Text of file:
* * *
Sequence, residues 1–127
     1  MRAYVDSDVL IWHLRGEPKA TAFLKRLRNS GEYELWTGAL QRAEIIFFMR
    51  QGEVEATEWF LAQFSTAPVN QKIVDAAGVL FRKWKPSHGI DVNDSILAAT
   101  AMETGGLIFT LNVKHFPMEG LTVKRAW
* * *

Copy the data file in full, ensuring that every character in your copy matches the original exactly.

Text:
Sequence, residues 1–127
     1  MRAYVDSDVL IWHLRGEPKA TAFLKRLRNS GEYELWTGAL QRAEIIFFMR
    51  QGEVEATEWF LAQFSTAPVN QKIVDAAGVL FRKWKPSHGI DVNDSILAAT
   101  AMETGGLIFT LNVKHFPMEG LTVKRAW